But, far beyond the 2016 election season, the formation of a Transhumanist Party infrastructure in the United States creates the possibility of a much longer-range strategy for influencing public opinion toward an enthusiastic embrace of emerging technologies and the imperative of technological progress. Indeed, the possibility exists to take the concept of an educational campaign a step further. Instead of having the election of candidates to office as its primary objective, a transhumanist political party – be it the United States Transhumanist Party or a State-level affiliate – should instead focus directly on education, activism, and policy recommendations. We do not so much need politicians in office with a “T” next to their names, as we need the climate of public opinion to be favorable to the vision of the future that we advocate.

It is with this vision in mind that Wendy Stolyarov and I formed the Nevada Transhumanist Party on August 31, 2015. (See the officially filed Constitution and Bylaws here and a searchable version here; also join the Facebook group here, as Allied Membership is open to any person, anywhere, with a rational faculty and ability to form political opinions.) While an initial impetus for this decision was to further raise the profile of Zoltan Istvan’s Presidential campaign, the long-term benefit of establishing an infrastructure for discussion and activism among transhumanists is even more important to us. The Nevada Transhumanist Party is a State-level political party unlike any other. While we support the efforts of the United States Transhumanist Party, we are also independent from it in governance and decision-making. We will not be fielding our own candidates or funding any campaigns in the foreseeable future. Rather, we will use volunteer efforts to coordinate educational events – both online and in person – and connect individuals who are interested in the possibilities made available by emerging technologies. Over time, we will build a network of support and will encourage participation by as many people as are interested. Indeed, the Nevada Transhumanist Party Constitution explicitly embraces the concept of making alliances with others to attain specific objectives without sacrificing principles or independence. We also aim to achieve the maximum possible inclusiveness in terms of party membership, receptiveness to member input, and delegation of authority to members who are interested in undertaking beneficial projects that help advance the principles and objectives expressed in the Nevada Transhumanist Party Platform. We will enthusiastically endorse any worthwhile project that is consistent with these aims. Our goal is not to win any particular election, but rather to move toward a society in which any elected official will need to respect the transhumanist vision and do nothing to impede it, in order to attain office and remain there. This allows us the luxury of a long time horizon, consistent with the long-term vision that transhumanism itself holds for our hopefully long-lived future.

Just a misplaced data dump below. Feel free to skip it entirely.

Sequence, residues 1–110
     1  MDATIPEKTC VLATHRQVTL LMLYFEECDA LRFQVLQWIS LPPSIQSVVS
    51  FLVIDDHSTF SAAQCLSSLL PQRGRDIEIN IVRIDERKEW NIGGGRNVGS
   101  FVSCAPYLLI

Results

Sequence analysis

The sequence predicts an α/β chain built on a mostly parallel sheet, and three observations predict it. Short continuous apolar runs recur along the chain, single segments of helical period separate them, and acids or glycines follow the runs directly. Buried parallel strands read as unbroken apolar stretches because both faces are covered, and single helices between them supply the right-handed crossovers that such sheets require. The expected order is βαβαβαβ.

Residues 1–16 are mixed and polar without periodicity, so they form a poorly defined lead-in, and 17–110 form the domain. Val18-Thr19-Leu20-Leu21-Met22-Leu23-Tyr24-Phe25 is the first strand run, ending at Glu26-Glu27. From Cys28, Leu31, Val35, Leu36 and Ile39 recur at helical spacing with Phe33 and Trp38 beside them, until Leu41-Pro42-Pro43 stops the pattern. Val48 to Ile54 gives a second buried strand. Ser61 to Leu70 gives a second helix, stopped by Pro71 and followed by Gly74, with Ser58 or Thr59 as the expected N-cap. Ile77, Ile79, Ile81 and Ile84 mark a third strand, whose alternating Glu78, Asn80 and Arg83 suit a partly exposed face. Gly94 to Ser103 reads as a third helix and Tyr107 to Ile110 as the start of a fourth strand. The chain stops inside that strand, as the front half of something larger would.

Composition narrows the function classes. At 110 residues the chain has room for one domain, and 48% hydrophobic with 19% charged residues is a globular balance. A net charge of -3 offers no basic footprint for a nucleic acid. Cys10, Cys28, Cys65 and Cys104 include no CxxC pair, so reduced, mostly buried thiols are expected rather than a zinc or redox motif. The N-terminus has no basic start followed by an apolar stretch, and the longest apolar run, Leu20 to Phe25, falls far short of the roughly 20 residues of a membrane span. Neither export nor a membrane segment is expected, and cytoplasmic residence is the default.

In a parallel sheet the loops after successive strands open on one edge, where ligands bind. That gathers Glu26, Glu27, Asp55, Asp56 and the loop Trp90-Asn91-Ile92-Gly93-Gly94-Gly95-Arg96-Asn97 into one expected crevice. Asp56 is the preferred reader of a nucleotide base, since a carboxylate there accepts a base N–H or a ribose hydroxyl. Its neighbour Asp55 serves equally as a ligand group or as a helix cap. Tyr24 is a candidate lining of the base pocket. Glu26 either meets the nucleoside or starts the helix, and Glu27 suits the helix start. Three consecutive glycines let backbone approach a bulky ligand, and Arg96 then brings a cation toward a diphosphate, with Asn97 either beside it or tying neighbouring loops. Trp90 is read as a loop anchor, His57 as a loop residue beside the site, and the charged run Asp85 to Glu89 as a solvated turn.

If more of us reject the notion of politics as a winner-take-all horse race and replace responses to day-to-day poll fluctuations with a steady, principled effort toward securing the long-term prospects of transhumanism, then we will have won a lasting victory against politics as usual. In the process, we might just create the better world that conventional politicians keep promising, but never deliver.

8 thoughts on “Gennady Stolyarov II: Why Transhumanists Should Not Endorse the Two-Party Political System

  1. paulie

    Interesting name. Appears to be Russian, but you won’t see a II on a Russian name, they just use first name and patronymic (father’s name instead of middle name) and don’t count grandfather’s or uncle’s etc name (II, Jr, Sr, III, IV and so forth) as in English names.

  2. jim

    Despite numerous uses in the article, I still don’t quite understand the term, “transhumanist”. If the word “transsexual” means to change one’s sex, then “transhumanist” means what?

    Is a vampire or a werewolf “transhuman”?

  3. Dave

    Something we can all get behind, surely.

    But in all seriousness I do hope the party goes places. I find many of the Transhumanists ideas appealing, and we do live in interesting times. Think of that man with the muscle wasting disease who is due to receive the first full body transplant, where they remove his head and place it on another body. From my reading it seems like it’s not very likely to succeed, but I like to believe in twenty years or so we’ll be able to pull that sort of thing off at least most of the time. Such a surgery would really resolve most of the illnesses and issues we find ourselves grappling with.

  4. jim

    Jed Ziggler: You said, “Transhumanists, as I understand them, believe in merging humanity and technology. Humans would be immortal asexual cyborgs.”

    Sounds fun…for somebody else!

  5. Jed Ziggler Post author

    “If scientists can replicate that feeling through firing signals from an implanted chip or a brain wave headset, then it might even be the end of sex altogether.”

    Sorry Zoltan, sex is fun.